The Arab Revolt In Palestine 1936-1939

There was existing conflict and violence prior to the revolt due to this dissatisfaction, but in April 1936, it turned into a full-fledged rebellion lasting until 1939. The purpose of the revolt was to shift British policy to end large-scale Jewish immigration, ban further land sales to Jews, and enable Palestinian Arabs to establish their own national autonomous government.

The Arab Revolt was the longest sustained national rebellion against British control over Palestine. It was the first organized movement of Arab nationalism which brought together different Arab groups and tribes from all classes for the first time with the common goal to fight against the imminent formation of a Jewish nation in the land. Although, the Arabs in Palestine refused to be called Palestinian. Arabs refused to be referred to as Palestinian as the Jews had embraced the term; creating international agencies to help fund it, developing sporting football (soccer) leagues called the 'Palestine League' comprised of mostly Jewish players who competed internationally, including teams such as Maccabi Tel Aviv, Palestine Police Force, Royal Air Force, and Hapoel Haifa.

The rioting erupted in mostly Arab Jaffa and spilled over into Jewish Tel Aviv, spreading all over Palestine. This led to the deaths of many Jews as well as Arabs. A general strike and political protest were declared led by the 'Arab Higher Committee' which was supervised by Adolph Hitler's Ally, the Grand Mufti of Jerusalem. In addition to this, Jewish farms were destroyed and Jewish civilians were murdered. The destruction of the farms was particularly devastating to the region as for several decades, it was these farms that provided the produce and grains and in the years after the riots, it became difficult to import due to heightened tensions in Europe as Hitler began his conquest of the continent which included Italian and German patrols indiscriminately destroying ships in the Mediterranean Sea.

In October 1936, Lord Peel was appointed by the British government to lead an investigation about the cause of the six-month-long Arab Revolt and the unrest in British-mandated Palestine. This came to be known as the Peel Commission or the Palestine Royal Commission. In July 1937, the Peel Commission published its report which proposed, for the first time, a partition of the land of Palestine into three separate zones: a Jewish state, an Arab state, and a neutral territory containing the holy places (spanning from Jerusalem to Jaffa) which would remain under British authority. It was the Peel Commission that was solely responsible for dashing the hopes of Jews who believed in Lord Balfour and the previous British government's promise to grant ownership of the holy sites to the Jews as part of their state.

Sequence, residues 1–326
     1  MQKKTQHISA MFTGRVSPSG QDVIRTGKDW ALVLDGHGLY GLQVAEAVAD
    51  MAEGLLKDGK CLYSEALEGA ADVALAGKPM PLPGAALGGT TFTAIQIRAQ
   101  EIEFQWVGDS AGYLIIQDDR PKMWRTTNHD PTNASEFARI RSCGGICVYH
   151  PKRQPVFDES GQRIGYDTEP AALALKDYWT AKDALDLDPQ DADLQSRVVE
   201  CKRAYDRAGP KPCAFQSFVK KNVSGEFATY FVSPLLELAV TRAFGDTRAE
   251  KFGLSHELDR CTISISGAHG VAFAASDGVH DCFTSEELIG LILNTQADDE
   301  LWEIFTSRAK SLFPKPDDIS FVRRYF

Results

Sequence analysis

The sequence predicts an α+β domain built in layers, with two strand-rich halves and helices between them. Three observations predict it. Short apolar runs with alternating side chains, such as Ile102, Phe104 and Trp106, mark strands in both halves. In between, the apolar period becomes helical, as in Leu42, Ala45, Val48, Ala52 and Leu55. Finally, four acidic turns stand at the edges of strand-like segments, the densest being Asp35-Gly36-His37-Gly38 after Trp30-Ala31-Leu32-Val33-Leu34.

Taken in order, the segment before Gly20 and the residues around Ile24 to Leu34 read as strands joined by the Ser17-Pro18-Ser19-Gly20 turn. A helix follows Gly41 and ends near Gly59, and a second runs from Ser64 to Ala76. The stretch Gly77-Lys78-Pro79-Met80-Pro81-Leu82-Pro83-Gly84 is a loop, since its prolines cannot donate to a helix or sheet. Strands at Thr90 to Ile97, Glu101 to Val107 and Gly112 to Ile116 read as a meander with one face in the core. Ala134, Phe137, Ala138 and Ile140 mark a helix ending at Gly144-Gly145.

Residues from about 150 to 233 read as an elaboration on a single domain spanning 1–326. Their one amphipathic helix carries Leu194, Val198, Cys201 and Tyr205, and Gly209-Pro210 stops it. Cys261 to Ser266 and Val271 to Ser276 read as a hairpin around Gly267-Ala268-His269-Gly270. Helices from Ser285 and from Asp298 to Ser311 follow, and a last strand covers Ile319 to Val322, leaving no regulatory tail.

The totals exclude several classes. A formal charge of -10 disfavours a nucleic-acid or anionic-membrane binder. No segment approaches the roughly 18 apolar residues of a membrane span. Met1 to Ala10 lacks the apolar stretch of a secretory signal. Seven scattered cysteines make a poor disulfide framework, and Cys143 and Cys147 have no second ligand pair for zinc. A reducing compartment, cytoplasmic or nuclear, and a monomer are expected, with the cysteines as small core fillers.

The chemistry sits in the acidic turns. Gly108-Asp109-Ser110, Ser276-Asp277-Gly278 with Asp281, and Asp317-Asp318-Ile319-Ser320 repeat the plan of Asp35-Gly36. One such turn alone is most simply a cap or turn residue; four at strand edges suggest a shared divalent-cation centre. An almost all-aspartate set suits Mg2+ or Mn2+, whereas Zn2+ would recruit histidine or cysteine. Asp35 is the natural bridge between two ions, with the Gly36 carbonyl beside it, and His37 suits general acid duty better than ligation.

The report admitted that the mandate was not effective since the Jewish and Arab objectives in Palestine were incompatible. This resulted in Arab violence and the killing of one of the British commissioners and five Jews. This then brought the members of the Jewish Irgun to retaliate and kill several Palestinian Arabs. The violence went back and forth until the end of 1938. 

The British government initially accepted the proposals of the Peel Commission at the 20th Zionist Congress. The Zionists cautiously accepted the partition as it tangibly offered a Jewish state. However, it was rejected by the Arab Higher Committee who still ejected a Jewish presence in the area. This led to the continuation of the revolt targeting the British forces with increased momentum from 1937 to 1938. These riots were suppressed by the British using harsh measures including exiling, arresting, or killing many Arab leaders, dissolving the Arab Higher Committee, and establishing military courts.

The Arabs were left dispirited and disarmed, unable to recover after the revolt. The Zionist Jews, on the other hand, were united behind David Ben Gurion; the Jewish security force, the Haganah, was given permission to arm itself in cooperation and coordination with British forces and the Irgun in attacks against the Arabs. By 1938, the British government, specifically the Woodhead Commission, recognized that the partitioning would be impractical and ultimately rejected the Peel Commission’s report in favor of the initial Balfour proposal to give the Jews all the land west of the Jordan River and leave Trans-Jordan for the Arabs.

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